After completing the script below, I was pretty proud of myself. For non-Perl folks, the script involves attaching to a SQL database and doing IP to decimal to binary conversions. Not only did I have to pick apart the back end of McAfee’s EPO server to figure out the required SQL, but I had to figure out how to do binary to IP conversions and refresh myself on multidimensional hashes. Once it was complete, I felt like a kid who had made the greatest looking doody that he had ever seen. And like that kid, I found that there really wasn’t anyone around who would appreciate it.
Because of this strange need for validation, I even tried to explain it to #1GF! once I got home. She sort of glazed over and mumbled “Wow” and then something about how the things that I get excited about indicated a major point of contention between the two of us. I knew that I could count on the same reaction from most of my co-workers, so the next day, I took it to the guy who was explaining binary to IP conversions a few weeks before. He seemed pretty impressed, and didn’t have to do that fake “greeeaat” because he genuinely understood what I was talking about.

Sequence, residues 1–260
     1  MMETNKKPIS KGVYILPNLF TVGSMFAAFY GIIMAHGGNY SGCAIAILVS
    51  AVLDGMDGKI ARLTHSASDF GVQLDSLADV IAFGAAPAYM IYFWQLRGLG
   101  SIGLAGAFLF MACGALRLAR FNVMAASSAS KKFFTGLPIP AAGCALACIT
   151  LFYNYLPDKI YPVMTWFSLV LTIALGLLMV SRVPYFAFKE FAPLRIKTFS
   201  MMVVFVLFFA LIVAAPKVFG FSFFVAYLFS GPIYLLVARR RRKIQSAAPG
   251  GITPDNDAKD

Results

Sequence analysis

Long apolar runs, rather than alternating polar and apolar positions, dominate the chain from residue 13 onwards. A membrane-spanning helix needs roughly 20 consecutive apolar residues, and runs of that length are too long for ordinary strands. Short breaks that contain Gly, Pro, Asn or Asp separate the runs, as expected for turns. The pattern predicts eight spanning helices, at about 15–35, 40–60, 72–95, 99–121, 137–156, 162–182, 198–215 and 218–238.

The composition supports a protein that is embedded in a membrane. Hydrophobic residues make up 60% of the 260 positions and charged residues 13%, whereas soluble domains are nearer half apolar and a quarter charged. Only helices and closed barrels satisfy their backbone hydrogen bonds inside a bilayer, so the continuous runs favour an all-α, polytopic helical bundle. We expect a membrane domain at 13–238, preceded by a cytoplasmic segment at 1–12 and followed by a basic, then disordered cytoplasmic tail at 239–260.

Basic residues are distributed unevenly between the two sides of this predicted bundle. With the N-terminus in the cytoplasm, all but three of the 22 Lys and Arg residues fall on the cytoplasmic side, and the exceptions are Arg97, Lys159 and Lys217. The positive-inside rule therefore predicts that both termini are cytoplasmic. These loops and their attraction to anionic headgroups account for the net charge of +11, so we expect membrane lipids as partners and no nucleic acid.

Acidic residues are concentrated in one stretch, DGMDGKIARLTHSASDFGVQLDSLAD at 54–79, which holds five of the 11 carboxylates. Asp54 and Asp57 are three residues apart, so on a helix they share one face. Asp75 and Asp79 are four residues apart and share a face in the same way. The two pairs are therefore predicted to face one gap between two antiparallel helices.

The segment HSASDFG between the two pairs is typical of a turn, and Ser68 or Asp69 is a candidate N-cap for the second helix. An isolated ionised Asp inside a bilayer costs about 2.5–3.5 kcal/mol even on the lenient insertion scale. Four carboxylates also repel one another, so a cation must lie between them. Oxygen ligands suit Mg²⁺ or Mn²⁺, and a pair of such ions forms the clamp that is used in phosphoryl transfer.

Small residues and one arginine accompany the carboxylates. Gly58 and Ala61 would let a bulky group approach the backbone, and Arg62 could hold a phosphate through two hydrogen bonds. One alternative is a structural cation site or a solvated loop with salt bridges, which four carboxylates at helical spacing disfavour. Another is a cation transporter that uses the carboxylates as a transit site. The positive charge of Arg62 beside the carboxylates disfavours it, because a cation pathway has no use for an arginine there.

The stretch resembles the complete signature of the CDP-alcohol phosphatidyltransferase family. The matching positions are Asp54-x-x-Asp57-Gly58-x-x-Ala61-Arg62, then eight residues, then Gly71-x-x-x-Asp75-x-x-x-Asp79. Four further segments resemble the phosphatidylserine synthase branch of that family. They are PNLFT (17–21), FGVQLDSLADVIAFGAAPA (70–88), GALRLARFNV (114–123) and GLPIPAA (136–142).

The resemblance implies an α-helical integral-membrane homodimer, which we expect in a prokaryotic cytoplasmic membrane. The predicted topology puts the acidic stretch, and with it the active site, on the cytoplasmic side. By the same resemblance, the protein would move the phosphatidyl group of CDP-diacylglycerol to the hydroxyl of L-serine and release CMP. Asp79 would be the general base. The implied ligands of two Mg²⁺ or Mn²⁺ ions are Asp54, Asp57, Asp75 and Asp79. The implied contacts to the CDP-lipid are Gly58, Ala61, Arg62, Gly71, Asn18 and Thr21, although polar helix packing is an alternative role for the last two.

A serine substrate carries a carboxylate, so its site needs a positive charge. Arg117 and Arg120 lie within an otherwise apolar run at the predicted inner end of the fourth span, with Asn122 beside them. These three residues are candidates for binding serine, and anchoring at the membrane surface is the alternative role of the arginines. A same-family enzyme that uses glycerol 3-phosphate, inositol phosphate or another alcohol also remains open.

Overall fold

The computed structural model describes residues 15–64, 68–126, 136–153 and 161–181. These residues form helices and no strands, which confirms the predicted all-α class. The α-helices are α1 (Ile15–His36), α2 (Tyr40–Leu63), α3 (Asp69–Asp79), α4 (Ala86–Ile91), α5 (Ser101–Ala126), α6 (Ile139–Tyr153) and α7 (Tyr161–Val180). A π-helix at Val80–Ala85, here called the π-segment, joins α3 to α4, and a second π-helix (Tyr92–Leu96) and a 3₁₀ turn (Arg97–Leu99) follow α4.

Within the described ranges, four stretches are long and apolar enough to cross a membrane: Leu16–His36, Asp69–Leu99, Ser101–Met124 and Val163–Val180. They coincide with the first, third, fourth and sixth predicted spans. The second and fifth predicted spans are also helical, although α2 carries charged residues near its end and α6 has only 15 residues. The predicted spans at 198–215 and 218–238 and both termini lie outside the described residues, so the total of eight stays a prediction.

As 1 impressed geek is not enough, I had to call an engineer friend of mine. Once I finished my story with “…and once I figured out that the negative numbers required bit flipping the binary numbers before I broke them into octets, I was all set…”
The engineer on the other end of the phone said, “Nice. You get a binary high five.”
He then explained that a binary high five is when you hold up one finger, then none, then 1 finger. Once I realized that 101 is the binary representation for 5, I laughed solidly for a couple of minutes.
So, at least 10 people were impressed. It’s great being completely outgeeked.
For folks who want to do IP container checks in McAfee’s EPO server, enjoy the script below. For those of you that need to do binary< ->Decimal< ->IP conversions, recycle the parts you need.
Update: This post spawned discussion as to whether a proper binary high five should be executed serially as described above, or in parallel by holding up the index and ring fingers at the same time. The latter, although cooler looking, seems like something that would get a geek shot by mistake.